There was no acknowledgement, as pointed out by Jim Paton from the Advisory Service for Squatters, that all land and property ownership originated in such a way. Or that any property owner who has completely forgotten about a property he owns is a testament to a debauchery of ownership.
Instead the self-perpetuating media agenda whizzed into action. On the day The Express ran its piece, the Advisory Service for Squatters was rung up by Radio 2’s Jimmy Young Show, Carlton TV, Sky Television, the Evening Standard, The Observer, BBC Television, the Sunday Mirror and Talk Radio. The Sunday Times even went so far as to dredge up the original owner who had completely forgotten about the building but was gutted to be told he had missed out on £100,000.
Squall was similarly inundated with media calls that day, the funniest of which came from The Daily Telegraph. They were intending to follow up the story with a feature on “middle class squatters” and wanted us to find them some examples. When asked what ‘middle class squatters’ meant, they replied: “People who earn a high wage and squat for fun.” Squall told them that we might be able to find a refugee, a woman escaping domestic violence or a single parent who squatted but had never heard of a high wage earner who squatted for fun. The Daily Telegraph feature writer then replied that “unfortunately, you know how it is, but this isn’t what Telegraph readers want to read about”. She then asked whether we might instead be able to find a squatter who “earned a wage, was articulate and preferably good-looking”. At this point Squall simply had to point out that whilst we did indeed know many squatters who were articulate and looked great, none of them were likely to offer their lives as fodder for a phoney agenda. The feature never ran.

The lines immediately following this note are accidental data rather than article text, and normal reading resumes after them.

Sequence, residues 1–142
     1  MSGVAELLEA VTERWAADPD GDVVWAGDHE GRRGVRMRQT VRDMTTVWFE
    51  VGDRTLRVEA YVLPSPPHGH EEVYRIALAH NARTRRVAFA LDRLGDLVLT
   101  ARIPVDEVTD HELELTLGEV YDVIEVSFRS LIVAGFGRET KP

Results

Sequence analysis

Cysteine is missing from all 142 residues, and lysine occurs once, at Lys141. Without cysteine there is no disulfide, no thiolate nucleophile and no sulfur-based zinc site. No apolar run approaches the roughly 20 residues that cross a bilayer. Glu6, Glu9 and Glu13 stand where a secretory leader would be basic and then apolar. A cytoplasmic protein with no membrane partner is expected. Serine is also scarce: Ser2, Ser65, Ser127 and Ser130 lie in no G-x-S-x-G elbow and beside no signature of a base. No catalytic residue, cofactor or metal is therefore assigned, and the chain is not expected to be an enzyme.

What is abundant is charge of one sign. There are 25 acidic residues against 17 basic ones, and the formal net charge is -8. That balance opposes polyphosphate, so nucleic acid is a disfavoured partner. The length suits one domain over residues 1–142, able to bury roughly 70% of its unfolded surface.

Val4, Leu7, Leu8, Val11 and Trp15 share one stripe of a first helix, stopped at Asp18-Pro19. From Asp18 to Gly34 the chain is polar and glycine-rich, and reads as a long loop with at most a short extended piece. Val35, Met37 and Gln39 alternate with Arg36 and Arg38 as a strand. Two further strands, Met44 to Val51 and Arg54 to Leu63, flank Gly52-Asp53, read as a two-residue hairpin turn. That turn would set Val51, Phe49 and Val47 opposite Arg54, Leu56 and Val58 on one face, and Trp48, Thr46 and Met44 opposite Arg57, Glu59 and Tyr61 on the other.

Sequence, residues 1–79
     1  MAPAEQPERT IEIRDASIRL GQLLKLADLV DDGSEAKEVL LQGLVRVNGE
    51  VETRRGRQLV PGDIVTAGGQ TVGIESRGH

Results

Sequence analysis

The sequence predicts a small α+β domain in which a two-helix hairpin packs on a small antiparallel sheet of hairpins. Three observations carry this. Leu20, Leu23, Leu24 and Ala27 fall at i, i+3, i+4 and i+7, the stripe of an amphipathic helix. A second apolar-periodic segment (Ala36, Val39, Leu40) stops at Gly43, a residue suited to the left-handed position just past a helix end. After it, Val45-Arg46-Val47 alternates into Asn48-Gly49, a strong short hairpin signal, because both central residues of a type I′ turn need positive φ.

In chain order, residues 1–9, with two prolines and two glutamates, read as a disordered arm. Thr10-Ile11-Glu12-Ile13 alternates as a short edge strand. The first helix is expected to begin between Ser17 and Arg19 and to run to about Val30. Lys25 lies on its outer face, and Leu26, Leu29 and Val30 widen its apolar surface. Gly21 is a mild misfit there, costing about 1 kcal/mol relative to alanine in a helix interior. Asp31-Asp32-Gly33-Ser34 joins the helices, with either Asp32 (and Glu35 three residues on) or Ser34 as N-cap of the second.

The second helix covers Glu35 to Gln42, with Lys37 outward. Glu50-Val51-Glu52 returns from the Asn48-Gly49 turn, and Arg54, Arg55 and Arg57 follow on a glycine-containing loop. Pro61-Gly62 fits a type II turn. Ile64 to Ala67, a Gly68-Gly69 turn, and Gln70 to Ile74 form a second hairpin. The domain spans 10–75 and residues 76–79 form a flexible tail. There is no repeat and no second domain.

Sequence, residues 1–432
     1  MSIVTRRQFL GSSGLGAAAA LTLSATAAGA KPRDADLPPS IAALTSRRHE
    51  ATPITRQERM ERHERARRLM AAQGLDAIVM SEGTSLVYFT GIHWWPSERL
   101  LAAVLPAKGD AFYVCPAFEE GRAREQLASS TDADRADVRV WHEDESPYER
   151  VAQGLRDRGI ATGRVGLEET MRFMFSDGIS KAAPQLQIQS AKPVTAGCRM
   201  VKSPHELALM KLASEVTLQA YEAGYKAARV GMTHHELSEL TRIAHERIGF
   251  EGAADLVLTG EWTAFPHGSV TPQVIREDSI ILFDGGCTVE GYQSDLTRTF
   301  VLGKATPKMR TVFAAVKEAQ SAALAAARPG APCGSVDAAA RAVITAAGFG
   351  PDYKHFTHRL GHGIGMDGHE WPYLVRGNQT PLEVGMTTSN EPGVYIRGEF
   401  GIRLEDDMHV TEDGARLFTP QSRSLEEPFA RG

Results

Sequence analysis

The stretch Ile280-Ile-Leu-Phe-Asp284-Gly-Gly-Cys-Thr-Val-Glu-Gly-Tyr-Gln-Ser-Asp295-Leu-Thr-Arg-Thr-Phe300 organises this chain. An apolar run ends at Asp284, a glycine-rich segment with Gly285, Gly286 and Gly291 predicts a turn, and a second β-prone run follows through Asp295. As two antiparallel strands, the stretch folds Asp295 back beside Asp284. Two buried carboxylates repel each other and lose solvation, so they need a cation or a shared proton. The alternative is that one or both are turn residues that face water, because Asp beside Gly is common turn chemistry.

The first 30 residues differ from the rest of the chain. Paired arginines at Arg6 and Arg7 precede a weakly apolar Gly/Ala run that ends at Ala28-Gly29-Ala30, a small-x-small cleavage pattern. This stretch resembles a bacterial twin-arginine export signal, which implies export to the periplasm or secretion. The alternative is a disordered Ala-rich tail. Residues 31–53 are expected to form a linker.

News Of The Skews - ITV's 'Expert Witness' and its grossly inaccurate portrayal of animal activist Keith Mann - Squall 13 - Summer 1996.